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I started bullet journalling a little over two years ago. My first bujo was a lined notebook, which I used to play with what worked for me. I found it therapeutic to sit down in the evenings and make it colourful but that then became difficult to maintain. I took a short break and came back with a Say Nice Things journal, using it primarily for blogging. Then I discovered Dingbats’ new Earth Journals and everything became so much easier. However, despite the ease of the dot grid, page numbers and built in tabs and index, my updates were sporadic and I wasn’t using it particularly effectively.
A couple of months ago I heard Megan C. Hayes talking on Hashtag Authentic about positive journalling and was beyond inspired. I’d been thinking about recommitting to my bujo in the new year, with a particular focus on gratitude and self-care, and I liked the idea of using it as a positive space. I’d also recently been using the Focused Fox Goal Notebook and found the regular reflection really beneficial – something else I wanted to incorporate. But where should I start?
I’m a member of some pretty fantastic bujo Facebook groups and the members gave me some great advice. They reminded me of the origins of Ryder Carroll’s Bullet Journal system and I decided to order a copy of The Bullet Journal Method. I wanted to learn more about the process and benefits, and how I can make my bujo work for me in 2019 – and keep at it. The book was so helpful and has completely changed my approach to how I journal. I thought I’d share some of the thoughts I had whilst reading the book (yes, I noted them in my bujo!) and I hope it inspires you to pick up your own copy.
If you’ve already been using a bullet journal for a while, this book is still worth your time. I’d seen so many spreads on social media but The Bullet Journal Method was a welcome reminder of why this practice is essential to so many people: ‘Whether you’re an experienced Bullet Journalist or a newcomer, The Bullet Journal Method is for anyone struggling to find their place in the digital age. It will help you get organized by providing simple tools and techniques that can inject clarity, direction, and focus into your days. As great as getting organized feels, however, it’s just the surface of something significantly deeper and more valuable.’
As someone who works in marketing by day and blogs by night, having something which allows me to take some time and reflect at the end of the day is so important. It’s easy to get overwhelmed by digital distractions and I love having an offline space to reflect and prioritise.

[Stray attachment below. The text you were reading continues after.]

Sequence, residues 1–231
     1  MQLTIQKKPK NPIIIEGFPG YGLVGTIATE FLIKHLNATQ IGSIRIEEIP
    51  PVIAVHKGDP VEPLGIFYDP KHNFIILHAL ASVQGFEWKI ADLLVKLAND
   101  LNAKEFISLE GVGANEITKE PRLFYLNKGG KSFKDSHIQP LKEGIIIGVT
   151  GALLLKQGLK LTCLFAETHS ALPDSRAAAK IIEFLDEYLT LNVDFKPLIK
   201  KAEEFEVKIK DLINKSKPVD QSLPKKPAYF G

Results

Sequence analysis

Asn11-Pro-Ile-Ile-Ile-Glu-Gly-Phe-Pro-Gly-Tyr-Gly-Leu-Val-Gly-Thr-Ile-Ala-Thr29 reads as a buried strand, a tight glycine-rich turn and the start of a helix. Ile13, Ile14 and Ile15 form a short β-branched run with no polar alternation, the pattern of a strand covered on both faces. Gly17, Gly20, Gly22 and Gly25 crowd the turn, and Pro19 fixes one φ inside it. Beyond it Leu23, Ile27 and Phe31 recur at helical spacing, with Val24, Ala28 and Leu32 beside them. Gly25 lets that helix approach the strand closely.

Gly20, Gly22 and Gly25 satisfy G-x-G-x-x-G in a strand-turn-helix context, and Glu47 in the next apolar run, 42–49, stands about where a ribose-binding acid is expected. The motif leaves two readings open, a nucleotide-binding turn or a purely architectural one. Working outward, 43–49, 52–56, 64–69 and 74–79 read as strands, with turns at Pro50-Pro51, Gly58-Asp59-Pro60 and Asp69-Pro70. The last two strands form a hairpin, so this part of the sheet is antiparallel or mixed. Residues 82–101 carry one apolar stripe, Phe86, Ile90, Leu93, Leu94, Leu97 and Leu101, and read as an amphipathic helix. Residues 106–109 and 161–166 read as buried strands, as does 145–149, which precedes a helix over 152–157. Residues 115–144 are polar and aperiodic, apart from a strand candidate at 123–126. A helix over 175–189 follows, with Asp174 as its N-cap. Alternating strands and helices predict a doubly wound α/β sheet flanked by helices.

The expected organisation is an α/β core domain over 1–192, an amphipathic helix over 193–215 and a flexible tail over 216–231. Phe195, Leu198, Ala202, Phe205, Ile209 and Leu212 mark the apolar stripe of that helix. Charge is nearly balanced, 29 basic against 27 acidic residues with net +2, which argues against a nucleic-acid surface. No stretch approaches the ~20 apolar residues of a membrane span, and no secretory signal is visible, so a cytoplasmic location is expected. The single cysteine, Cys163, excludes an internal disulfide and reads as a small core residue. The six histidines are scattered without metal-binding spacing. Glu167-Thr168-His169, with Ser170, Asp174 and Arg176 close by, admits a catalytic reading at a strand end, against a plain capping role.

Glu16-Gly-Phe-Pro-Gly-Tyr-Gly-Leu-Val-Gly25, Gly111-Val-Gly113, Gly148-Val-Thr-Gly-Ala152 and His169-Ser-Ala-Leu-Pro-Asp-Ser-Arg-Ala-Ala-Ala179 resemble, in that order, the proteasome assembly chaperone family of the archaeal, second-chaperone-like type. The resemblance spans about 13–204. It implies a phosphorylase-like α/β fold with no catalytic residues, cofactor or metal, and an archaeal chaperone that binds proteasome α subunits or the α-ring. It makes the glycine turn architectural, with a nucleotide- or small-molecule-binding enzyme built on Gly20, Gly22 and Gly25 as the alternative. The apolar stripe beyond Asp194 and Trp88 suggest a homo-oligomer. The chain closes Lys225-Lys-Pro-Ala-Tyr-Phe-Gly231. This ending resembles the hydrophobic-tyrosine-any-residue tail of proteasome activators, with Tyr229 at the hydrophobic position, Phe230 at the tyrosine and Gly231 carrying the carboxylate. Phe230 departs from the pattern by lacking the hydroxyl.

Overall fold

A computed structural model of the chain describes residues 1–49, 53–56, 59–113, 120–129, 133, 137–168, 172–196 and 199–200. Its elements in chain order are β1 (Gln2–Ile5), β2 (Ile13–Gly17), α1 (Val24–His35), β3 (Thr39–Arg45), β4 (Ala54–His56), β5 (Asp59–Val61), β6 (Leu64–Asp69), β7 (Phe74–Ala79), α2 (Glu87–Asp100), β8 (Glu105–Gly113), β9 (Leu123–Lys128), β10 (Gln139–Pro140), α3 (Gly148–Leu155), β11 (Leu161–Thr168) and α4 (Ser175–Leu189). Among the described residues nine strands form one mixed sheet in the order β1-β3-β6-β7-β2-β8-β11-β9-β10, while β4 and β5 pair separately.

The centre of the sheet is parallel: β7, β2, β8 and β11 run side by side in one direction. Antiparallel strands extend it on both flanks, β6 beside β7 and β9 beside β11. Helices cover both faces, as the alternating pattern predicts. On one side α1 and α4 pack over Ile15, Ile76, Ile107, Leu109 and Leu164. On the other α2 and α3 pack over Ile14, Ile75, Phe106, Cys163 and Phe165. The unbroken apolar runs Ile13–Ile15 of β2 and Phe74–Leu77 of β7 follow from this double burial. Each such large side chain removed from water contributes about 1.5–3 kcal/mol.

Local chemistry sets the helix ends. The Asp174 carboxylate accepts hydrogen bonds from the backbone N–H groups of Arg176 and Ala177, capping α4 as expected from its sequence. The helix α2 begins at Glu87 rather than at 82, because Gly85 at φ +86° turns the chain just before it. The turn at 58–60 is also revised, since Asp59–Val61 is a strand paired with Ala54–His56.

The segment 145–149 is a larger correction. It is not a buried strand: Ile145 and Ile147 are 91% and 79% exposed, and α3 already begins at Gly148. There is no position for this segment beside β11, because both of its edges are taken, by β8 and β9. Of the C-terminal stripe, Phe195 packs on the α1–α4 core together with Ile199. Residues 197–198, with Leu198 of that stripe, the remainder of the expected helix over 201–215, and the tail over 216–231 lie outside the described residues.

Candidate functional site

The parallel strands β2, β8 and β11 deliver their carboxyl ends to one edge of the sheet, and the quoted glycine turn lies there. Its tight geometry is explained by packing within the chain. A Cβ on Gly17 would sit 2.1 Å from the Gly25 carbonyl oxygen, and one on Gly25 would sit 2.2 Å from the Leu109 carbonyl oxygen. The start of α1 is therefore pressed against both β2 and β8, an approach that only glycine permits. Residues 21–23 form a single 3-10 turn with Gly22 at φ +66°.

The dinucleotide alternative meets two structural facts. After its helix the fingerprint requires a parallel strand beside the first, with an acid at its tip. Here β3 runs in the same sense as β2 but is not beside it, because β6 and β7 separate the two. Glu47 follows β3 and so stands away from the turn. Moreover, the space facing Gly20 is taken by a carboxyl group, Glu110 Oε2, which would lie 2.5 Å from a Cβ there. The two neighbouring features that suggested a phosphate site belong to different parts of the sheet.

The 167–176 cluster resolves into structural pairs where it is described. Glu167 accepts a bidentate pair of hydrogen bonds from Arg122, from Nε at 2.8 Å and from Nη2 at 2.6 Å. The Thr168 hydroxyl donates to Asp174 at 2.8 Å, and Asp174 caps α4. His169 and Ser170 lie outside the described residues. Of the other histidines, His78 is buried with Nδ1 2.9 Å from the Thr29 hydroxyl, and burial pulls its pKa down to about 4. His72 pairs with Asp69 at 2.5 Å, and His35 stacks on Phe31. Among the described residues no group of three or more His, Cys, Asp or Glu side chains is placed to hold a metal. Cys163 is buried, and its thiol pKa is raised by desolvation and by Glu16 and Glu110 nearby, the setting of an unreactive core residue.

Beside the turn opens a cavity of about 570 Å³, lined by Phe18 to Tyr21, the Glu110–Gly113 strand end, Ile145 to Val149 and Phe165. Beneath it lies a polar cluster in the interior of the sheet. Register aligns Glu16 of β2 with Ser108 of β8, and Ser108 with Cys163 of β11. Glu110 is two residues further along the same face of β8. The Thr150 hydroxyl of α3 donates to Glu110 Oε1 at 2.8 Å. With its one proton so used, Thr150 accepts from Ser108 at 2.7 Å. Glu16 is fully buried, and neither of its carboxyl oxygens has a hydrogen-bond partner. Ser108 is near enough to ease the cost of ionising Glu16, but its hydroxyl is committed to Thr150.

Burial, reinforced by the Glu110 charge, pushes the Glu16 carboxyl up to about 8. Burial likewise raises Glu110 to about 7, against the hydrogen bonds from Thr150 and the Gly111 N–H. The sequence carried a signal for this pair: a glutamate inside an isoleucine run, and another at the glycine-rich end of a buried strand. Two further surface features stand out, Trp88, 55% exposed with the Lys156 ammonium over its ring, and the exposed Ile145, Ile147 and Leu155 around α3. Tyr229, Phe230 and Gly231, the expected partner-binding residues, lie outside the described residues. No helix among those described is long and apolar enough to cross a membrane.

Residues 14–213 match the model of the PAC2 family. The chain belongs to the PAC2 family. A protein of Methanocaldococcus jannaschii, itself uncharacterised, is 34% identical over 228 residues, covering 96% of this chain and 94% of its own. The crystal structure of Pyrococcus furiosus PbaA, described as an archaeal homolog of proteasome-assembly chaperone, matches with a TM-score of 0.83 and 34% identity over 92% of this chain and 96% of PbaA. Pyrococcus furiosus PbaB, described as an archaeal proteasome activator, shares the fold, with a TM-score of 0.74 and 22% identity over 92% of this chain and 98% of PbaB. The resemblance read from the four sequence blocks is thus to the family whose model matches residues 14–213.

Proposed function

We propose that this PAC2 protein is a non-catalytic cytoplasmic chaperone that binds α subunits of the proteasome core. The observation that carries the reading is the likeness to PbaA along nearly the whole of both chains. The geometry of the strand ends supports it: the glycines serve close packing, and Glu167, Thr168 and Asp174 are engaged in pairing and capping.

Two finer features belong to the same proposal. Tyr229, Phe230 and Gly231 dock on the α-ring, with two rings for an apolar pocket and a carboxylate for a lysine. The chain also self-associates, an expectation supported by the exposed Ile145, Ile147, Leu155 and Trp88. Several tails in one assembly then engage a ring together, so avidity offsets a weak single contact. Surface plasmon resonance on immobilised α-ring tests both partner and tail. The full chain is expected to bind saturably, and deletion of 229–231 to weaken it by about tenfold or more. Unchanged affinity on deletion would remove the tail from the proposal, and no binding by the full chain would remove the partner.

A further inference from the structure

Ryder writes about living ‘an intentional life – a life both productive and purposeful’ and it reminded me a bit of Sarah Knight’s books. They actually complement each other really well and I can carry a lot of the tips and tricks I’ve picked up from her books into the practice of journalling: ‘The Bullet Journal Method’s mission is to help us become mindful about how we spend our two most valuable resources in life: our time and our energy’.
Externalizing your thoughts help to declutter your mind, something which really helps me switch off at the end of the day. Every night I pick up my bujo, tick off the tasks I achieved during the day, migrate the ones I didn’t have time for and reflect a little on what happened in the last 24 hours. While I focus on the good, there are usually a few grumbles too, and I feel better for writing these down. I also have a daily gratitude tracker so that I can easily see an overview of the things that made me smile in one place.
One of the ‘mistakes’ I made before was trying to set up everything at once. Ryder suggests that you set up your future log and monthly spread first, then set up your dailies the night before/morning of. This allows you to have as much space as you need, particularly helpful for people who like to keep everything together.
That was another problem I had before – I hated having everything scattered in one notebook. Turns out that’s actually ok; with page numbers and an index, you can easily flip between spreads. Want to start a new habit tracker halfway through a week? Totally fine! You can even start a collection on one spread and continue it a few pages later – it’s called threading and it’s completely changed the way I bujo.
The main thing I’ve taken away from reading The Bullet Journal Method is that everything should have a purpose and add value. I’ve learned to streamline my process and to accept mistakes. The way I bujo has evolved to focus on minimalism and productivity, with more of an emphasis on goals and reflection. It’s not about how it looks but how it makes you feel – and how effective it is.
Ryder recommends starting a new year with a new journal, something I was more than happy to do! I’ve tried a lot of dot grid notebooks over the last couple of years (check out my post on how to find the perfect bullet journal for you) and the Dingbats Earth Journal is my favourite. I’ve got many a barely used dot grid notebook in my stash (just a pen test at the back while I await a fun project which requires its use) but when I sat down to set up a new year I couldn’t commit to one. I knew I had to have a new Dingbats!
I know I’m going to learn a lot from my January set up. I’m already pondering adding a weekly spread for blog to dos, which I may trial in February, and the possibility of including my day job. At the moment I’m using it for my blog, goals and daily reflection, but that could change. I shared some spread set-ups on my Stories the other day and I’ll probably write a separate blog post soon. I’m also reading Rachel Wilkerson Miller’s How to Bullet Plan for inspiration for future minimal spreads, so I’ll be sharing a review of that soon.
How do you bujo?